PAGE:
Report: Mets' financial liabilities are around $625 million
Just how deep in the hole is the troubled franchise of the New York Mets?
As owners now shop a 49% stake in the team, it's been widely reported that the franchise has around $430 million in bank debt. But a potential investor who spoke to
The $430 million figure reflects the loans refinanced last year by the team's main lender, JPMorgan Chase. But Sterling Equities, the group led by Fred Wilpon and Saul Katz that holds ownership stake in the Mets, has opened its books to interested investors, and those books disclose other financial commitments that give a more complete picture of the Mets' true obligations beyond bank debt.
According to the source, Mets financial statements disclose another $100 million in what the team calls "contingent liabilities." Much of that is deferred compensation still due to players long gone from the Mets roster. The documents give two examples of these liabilities: Bobby Bonilla, who left the team in 1996 and has $1.2 million per year coming to him for the next 25 years, and Bret Saberhagen, who left in 1995 and is owed $250,000 annually through 2029.
Investors were not shown a full list of the contingent liabilities; they were only informed that the figure is $100 million, and that these two particular commitments are examples.
The source adds another $70 million to the team's overall liabilities to cover this year's losses. The Mets lost $50 million in 2010 and are projected to lose $60 million this season. But they've already seen an 11% decline in attendance this year, which makes it likely that the team will lose closer to $70 million. Part of the franchise's annual obligations is an annual $50 million municipal bond payment for financing Citi Field -- these payments come from Queens Ballpark Company, a "wholly owned subsidiary of the New York Mets," according to the Sterling Equities website.
Combine the $430 million bank debt with the contingent liabilities and expected losses this season, and finally, add the $25 million owed back to the MLB from a loan made to the team in November, and a new owner would own part of a team that's roughly $625 million in the hole.
A spokesman for the Mets would not comment on the negotiations or the investor's information.
Meanwhile, the owners will have to deal with a pesky lawsuit from Irving Picard, the bankruptcy trustee tasked with recovering money for victims of Bernard Madoff's Ponzi scheme. The $1 billion lawsuit accuses Wilpon and his partners of being aware of the scam while feeding more money into it. The official statement on the matter from Wilpon, Katz and the other Sterling Equities partners, as of March 20, reads: "Let us be very clear: we did not know that Madoff was engaged in a fraud. There were no red flags and we received no warnings." The team may end up reaching a settlement, which is yet another potential cost a buyer might take into consideration.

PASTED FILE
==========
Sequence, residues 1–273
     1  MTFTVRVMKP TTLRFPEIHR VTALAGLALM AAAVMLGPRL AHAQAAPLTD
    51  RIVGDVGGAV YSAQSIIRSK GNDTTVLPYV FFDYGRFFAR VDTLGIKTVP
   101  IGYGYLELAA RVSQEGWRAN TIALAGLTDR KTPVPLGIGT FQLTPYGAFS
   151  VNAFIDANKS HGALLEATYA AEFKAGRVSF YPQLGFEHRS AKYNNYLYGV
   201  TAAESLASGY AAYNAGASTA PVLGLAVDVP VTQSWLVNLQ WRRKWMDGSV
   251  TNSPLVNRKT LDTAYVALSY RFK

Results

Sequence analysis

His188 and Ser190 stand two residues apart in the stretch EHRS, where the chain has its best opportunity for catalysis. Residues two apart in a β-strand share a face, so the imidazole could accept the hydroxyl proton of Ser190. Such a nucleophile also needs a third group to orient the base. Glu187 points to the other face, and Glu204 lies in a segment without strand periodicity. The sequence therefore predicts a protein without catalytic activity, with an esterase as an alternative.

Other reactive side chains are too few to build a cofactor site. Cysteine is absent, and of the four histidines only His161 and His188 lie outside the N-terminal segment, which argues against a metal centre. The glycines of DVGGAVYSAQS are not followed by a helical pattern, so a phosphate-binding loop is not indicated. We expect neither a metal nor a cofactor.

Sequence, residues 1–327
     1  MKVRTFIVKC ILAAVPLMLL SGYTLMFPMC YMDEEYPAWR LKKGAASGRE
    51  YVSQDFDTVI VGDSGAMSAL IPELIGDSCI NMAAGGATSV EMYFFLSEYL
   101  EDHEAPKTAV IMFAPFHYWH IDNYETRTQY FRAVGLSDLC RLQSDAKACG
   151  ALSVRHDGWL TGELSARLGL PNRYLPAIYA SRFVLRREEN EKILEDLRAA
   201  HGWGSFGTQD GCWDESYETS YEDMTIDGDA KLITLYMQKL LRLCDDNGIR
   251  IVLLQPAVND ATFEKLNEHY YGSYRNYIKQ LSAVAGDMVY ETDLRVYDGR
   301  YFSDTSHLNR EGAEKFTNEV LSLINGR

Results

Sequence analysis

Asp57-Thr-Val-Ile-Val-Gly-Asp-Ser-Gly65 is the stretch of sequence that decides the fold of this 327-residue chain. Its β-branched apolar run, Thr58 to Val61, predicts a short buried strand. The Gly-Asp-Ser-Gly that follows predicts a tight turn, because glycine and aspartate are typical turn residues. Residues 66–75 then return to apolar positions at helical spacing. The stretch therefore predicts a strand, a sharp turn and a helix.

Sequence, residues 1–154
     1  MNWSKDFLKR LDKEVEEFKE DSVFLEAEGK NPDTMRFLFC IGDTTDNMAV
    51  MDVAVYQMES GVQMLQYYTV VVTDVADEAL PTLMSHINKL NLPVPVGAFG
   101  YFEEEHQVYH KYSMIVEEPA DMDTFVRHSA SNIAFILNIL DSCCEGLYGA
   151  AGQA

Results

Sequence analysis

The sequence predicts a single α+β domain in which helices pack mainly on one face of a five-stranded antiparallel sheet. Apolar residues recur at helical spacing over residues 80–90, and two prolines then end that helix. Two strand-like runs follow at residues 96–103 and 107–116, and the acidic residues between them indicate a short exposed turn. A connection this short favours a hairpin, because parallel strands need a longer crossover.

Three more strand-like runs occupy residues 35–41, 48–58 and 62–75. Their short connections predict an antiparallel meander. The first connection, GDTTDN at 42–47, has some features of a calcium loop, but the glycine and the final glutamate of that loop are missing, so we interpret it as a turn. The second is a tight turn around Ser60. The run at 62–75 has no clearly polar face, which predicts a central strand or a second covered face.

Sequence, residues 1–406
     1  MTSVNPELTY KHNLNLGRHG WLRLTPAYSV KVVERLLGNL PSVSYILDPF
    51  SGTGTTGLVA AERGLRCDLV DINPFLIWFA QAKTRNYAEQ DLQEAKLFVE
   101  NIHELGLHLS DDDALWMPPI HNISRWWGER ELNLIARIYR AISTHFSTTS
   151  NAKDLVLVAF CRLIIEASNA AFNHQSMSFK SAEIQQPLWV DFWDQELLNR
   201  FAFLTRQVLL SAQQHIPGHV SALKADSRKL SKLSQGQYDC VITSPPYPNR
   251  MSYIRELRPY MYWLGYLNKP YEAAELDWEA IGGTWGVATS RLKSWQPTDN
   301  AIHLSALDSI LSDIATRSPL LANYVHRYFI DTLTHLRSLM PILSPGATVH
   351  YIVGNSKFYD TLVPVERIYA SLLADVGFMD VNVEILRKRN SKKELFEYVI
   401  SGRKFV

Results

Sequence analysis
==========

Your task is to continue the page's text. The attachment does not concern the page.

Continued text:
What the Mets want now, of course, is to find a Mets fan or a group of fans with pockets deep enough to buy a 49% share of the team for around $200 million. Such a deal wouldn't solve everything, but it would give the Mets a good start on the right path. Wilpon and Katz could pay back the $25 million loan to MLB (given by Bud Selig in November, though they didn't reveal it until February). They'd have funds to help cover this season's losses. They could set aside a reserve, if they need it, for the Picard lawsuit. And of course, they could continue doling out their $145 million payroll.
At the very least, Fred Wilpon, Saul Katz, and Mets fans can feel happy when they compare the dire situation in Queens to a similar, but worse, crunch in Los Angeles. The Dodgers are in about the same level of bank debt, but have additional liabilities at estimated levels much higher than the Mets. And Selig has refused to bail out Dodgers owner Frank McCourt, whose team has been taken over by the MLB, the way that he bailed out the Mets with a $25 million loan back in November.
For now, Mets fans will keep watching the field, and hope that the people watching the books keep an eye on the ball.